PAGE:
“Would-be foreign investors previously had to engage the services of an agent, or apply in-person in our office in Honiara, a process that typically took around 10 days,” said Invest Solomons Director Derick Aihari “Using the online registry applications can now be done anywhere and a Certificate for Foreign Investment could be issued within 24 hours.”

Similarly, business name registrations, which previously had to be done in person and took around a week to process, can now be done online and processed within a day. This will be of particular benefit to the almost-two-thousand business names applicants who have to travel from other islands each year to register their business names.

PSDI's International Business Law Reform Expert Aaron Levine delivers a
training course for business people on the functions of the new registry.
The new services available through the online registry make it possible for a business person to register as a foreign investor, incorporate a company, and register business names all in one sitting.
As the registry is searchable, key details of all companies, businesses, and foreign investors can now be verified by anyone anytime. The online system will also collect and analyze detailed data on gender, business sectors and applicants’ locations, which will assist government policy formulation.

The updated registry can be accessed at www.solomonbusinessregistry.gov.sb

15 November 2016

New PSDI report challenges use of credit guarantees

This 20-page report challenges the use of government-sponsored loan guarantees as a way of overcoming the lack of lending in the Pacific.

Credit Guarantees: Challenging Their Role in Improving Access to Finance in the Pacific Region argues there is no strong theoretical justification for the use of credit guarantees as, under the schemes, the nature of the risks involved does not change, only the entity that bears them. The report cautions that credit guarantees may encourage risky lending and increase lending costs. It also finds no evidence of credit guarantee schemes meaningfully extending access to credit, while some have suffered large losses.

The report says credit guarantees are not a substitute for improved credit assessment and credit risk management. Instead, it calls for continued support for reforms of collateral frameworks, noting that limited use of secured transactions frameworks by lenders to date does not detract from their long-term potential to increase access to credit. The report also recommends increased use of trade credit as an additional source of finance.

3 November 2016

PSDI case study: How engaging the private sector invigorated Samoa’s construction industry

Creating Jobs in Samoa through Public-Private Partnerships cover
A new PSDI case study examines Samoa’s success in contracting out its road building and maintenance work.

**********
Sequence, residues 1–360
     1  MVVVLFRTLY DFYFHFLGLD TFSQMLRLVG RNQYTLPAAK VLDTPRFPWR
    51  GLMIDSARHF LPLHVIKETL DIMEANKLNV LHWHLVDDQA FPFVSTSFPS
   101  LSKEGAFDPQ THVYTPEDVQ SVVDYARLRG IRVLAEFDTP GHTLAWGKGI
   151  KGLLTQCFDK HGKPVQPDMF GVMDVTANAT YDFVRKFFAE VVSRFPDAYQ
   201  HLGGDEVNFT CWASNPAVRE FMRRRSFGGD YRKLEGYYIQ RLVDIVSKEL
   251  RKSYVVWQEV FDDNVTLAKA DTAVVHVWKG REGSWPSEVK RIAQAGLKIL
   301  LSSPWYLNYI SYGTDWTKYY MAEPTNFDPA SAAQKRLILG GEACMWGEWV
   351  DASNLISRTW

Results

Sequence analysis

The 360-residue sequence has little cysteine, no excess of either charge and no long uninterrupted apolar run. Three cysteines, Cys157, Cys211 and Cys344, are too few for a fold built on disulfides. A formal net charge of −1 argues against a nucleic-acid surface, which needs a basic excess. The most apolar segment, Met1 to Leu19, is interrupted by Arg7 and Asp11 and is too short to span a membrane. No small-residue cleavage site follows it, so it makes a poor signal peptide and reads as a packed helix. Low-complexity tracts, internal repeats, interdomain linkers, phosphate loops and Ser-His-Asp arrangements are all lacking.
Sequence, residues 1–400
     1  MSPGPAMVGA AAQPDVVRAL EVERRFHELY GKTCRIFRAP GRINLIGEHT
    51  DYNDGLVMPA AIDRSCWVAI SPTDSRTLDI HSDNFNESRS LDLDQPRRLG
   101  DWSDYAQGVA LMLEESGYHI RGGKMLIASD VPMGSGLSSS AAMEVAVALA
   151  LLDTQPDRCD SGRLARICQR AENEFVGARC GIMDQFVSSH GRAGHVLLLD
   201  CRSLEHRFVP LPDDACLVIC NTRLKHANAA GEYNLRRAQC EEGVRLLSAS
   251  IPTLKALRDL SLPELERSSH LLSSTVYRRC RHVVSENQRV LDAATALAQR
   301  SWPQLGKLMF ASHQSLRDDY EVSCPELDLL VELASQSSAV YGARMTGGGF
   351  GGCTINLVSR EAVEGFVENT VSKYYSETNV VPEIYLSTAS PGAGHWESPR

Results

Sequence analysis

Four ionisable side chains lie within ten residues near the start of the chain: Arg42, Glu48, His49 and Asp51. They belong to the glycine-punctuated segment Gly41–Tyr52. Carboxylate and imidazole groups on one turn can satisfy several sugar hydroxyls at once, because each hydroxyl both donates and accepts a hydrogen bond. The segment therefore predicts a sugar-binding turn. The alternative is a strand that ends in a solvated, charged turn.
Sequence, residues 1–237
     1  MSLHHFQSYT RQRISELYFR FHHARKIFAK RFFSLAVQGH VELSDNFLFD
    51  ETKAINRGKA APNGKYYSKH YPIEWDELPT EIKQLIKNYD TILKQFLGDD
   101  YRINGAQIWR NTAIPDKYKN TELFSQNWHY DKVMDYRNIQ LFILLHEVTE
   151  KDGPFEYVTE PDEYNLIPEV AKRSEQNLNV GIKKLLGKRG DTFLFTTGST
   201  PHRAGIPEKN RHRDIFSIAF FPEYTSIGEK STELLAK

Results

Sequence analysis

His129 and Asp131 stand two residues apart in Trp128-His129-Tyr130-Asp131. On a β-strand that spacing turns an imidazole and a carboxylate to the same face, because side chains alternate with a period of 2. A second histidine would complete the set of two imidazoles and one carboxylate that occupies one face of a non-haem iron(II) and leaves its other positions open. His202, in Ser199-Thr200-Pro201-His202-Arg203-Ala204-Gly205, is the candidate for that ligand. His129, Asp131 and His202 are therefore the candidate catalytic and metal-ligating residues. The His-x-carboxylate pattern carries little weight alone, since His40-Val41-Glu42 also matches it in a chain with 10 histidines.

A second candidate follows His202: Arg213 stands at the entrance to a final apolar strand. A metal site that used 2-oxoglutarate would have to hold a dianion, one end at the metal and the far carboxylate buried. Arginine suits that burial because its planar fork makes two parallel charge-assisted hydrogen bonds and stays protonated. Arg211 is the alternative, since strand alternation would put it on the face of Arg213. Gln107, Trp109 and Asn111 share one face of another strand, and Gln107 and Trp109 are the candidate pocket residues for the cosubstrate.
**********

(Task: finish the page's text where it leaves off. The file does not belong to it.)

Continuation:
In 2002, Samoa’s Public Works Department was radically restructured, changing from a public construction agency to a contract manager with private sector. As Creating Jobs in Samoa through Public-Private Partnerships identifies, the results of this reform have been dramatic. They include:
the development of a dynamic and competitive construction industry;
the creation of more than 2000 jobs; and,
a fourfold increase in road building productivity.

The relevance of these reforms to the region are discussed in this op-ed published in Islands Business magazine, and PSDI Lead Economist Paul Holden can be heard discussing the reforms in Samoa in this interview with Radio Australia's Pacific Beat program.

2 November 2016

PSDI co-hosts Pacific pension funds workshop

The panel for the session titled Regulating Provident Funds and Retirement Funds
 was comprised of (L to R) Raynold Moveni from the Central Bank of Solomon
Islands, Vilimaina Dakai of the Reserve Bank of Fiji, and Warren Staley of the
Australian Prudential Regulations Authority. It was moderated by Peter Dirou,
PSDI’s Senior Financial Sector Expert. PSDI co-hosted a workshop in Suva
on November 2 and 2 to help identify policies Pacific island countries can pursue
to secure and expand their pension systems.  
PSDI co-hosted a workshop in Suva on November 2 and 3 to help identify policies Pacific island countries can pursue to secure and expand their pension systems.

Click here to listen to PSDI's Senior Financial Sector Expert Peter Dirou interviewed on Radio Australia about the challenges Pacific countries face in securing their pension funds.

Ageing populations and revenue shortfalls from low levels of formal employment are straining public pension systems in Pacific countries. Often these systems struggle to reach their beneficiaries, provide adequate support, and do so sustainably. The workshop aimed to advance discussions around how pension funds can deliver benefits to their members in the years to come.

PSDI moderated or participated in sessions discussing the challenges Pacific pension funds face; the regulatory implications of pension funds providing additional benefits, such as health care and loans; and options for pension fund reform. Discussion on the merits of pension funds providing additional benefits contrasted this practice with trends in developed countries, where pension funds tend to focus solely on retirement products.

The workshop was co-hosted by the Fiji National Provident Fund (FNPF). Sessions discussing the FNPF examined reforms enacted in 2011-2012 to secure the sustainability of the fund and the lessons these can offer other Pacific countries.